Wednesday, May 8, 2013

Hezbollah's Fatal Mistake?

Israel’s headline-grabbing airstrike on a Syrian convoy garnered much attention this week, with some asking if this signaled a greater external presence in the ongoing conflict. It distinctly does not, since Israel’s main target is not in fact Bashar al-Asad’s government, but rather Hezbollah in Lebanon. The strike this week did, however, shine a light on the degree to which the Lebanese political party and militant wing have become embroiled in the Syrian conflict next door, as well as highlight the precarious position Hezbollah finds itself in as a result of its pro-Asad position.

Hezbollah supporters rally with both Hezbollah flags and pro-government Syrian flags (courtesy Bilal Hussein / AP)

In other Arab countries, a Pew research poll in June 2012 found an overwhelming percentage of residents from all religious backgrounds support the fall of the Asad regime. In Lebanon, a delicate sectarian balance coupled with complicated ties to Syria and Asad has resulted in a more nuanced picture. While overall 53 percent of Lebanese supported the Asad stepping down, when broken down by sect, 67 percent of Christians and 80 percent of Sunnis supported the fall of the regime, while only 3 percent of Shias said they supported the end of Asad’s rule. Additionally, 96 percent of Lebanese Shias had “favorable” views of Asad. This support goes beyond religion and is deeply rooted in Shia Alawite-dominated Syria’s historical support for Lebanon’s Shia population, which is much larger proportionally than in other Levantine countries.

Hezbollah has supported Asad since the beginning of Syria’s civil war more than two years ago, but due to popular condemnation of the regime it attempted to distance itself from direct actions to aid the Syrian government. Elected officials in the political branch of Hezbollah advocated for a policy of “dissociation” with Asad’s government to appease the large numbers of Lebanese who denounce his regime and the atrocities being visited upon the Syrian population. Yet rumors of Hezbollah’s militant fighters being filtered into Syria are no longer just rumor: just this Tuesday, the Syrian opposition “reported that rebels had killed 15 Hezbollah fighters in Qusair[1].” In summer 2012, reports surfaced of a group of 5,000 Hezbollah fighters being sent to Syria, earning the approbation of Lebanese and international observers alike.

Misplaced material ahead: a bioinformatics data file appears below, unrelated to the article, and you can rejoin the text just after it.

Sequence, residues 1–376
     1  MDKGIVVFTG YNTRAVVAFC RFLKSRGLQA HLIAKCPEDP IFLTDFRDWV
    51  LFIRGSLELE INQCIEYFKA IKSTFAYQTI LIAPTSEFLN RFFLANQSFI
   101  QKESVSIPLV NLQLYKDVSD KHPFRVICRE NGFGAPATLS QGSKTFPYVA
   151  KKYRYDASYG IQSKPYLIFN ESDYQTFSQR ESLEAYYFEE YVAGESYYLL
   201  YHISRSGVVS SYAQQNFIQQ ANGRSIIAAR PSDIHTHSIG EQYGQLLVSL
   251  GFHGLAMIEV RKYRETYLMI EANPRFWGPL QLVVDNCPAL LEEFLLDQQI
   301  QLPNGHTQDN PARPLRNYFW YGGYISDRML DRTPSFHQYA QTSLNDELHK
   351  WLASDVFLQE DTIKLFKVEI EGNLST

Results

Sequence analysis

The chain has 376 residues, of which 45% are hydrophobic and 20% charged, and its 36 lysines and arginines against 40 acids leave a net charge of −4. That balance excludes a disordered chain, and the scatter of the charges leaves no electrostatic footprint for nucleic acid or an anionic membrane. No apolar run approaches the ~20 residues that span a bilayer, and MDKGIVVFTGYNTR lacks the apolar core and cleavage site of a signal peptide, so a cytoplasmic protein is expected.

Hezbollah-backed Shi'ite Lebanese fighters cross into Syria (courtesy Bilal Hussein / AP)

Israel’s recent airstrike on a convoy of Syrian weapons supposedly heading for Hezbollah therefore does not reflect a political will for deeper involvement in the deadly conflict, but a sincere fear of the direct arming of Hezbollah with Syria’s arsenal, including chemical and biological weapons. While Israel cannot stop the Syrian conflict nor keep Hezbollah from supplying it with fighters, it can prevent weapons from flowing freely to Lebanon and raising the likelihood of not only another Israeli-Lebanese war, but also an Israeli-Syrian one.

This (barely) covert support for Asad has had serious political consequences for Hezbollah domestically. Lebanon had been ruled by a March 8 coalition made up of Hezbollah and several other parties, in opposition to the Sunni and Christian-led March 14 movement. Prime Miniter Najib Mikati resigned from the government in March, citing the ongoing domestic crisis in Lebanon that has resulted from the Syria conflict as one of the primary reasons behind his decision to step down. Violence has rocked the country over the last two years as pro- and anti-Asad Lebanese as well as Syrian refugees and migrants engage in street battles, especially in northern Lebanon where the civil war’s effects are particularly acute.

Daddy's boy: Bashar al-Asad pictured with Hassan Nasrallah and his father, Hafez al-Asad (courtesy REUTERS/Ali Hashisho)

While Israel’s airstrike and involvement in any Arab war will be controversial and play on pre-existing anti-Israel sentiments in the region, reactions are not nearly negative enough to counter the bad publicity Hezbollah is suffering at home and abroad for its support of Asad’s regime. The leader of Hezbollah Hassan Nasrallah remains loyal to the Hezbollah-Iran-Syria axis that has served his party well for years. As the Syrian civil war drags on with no end in sight, however, he may find that his once incredibly popular group made a losing gamble both in the Arab world and in Lebanon itself. One can only hope that any Hezbollah-led government would realize its error before civil war returns to Lebanon.


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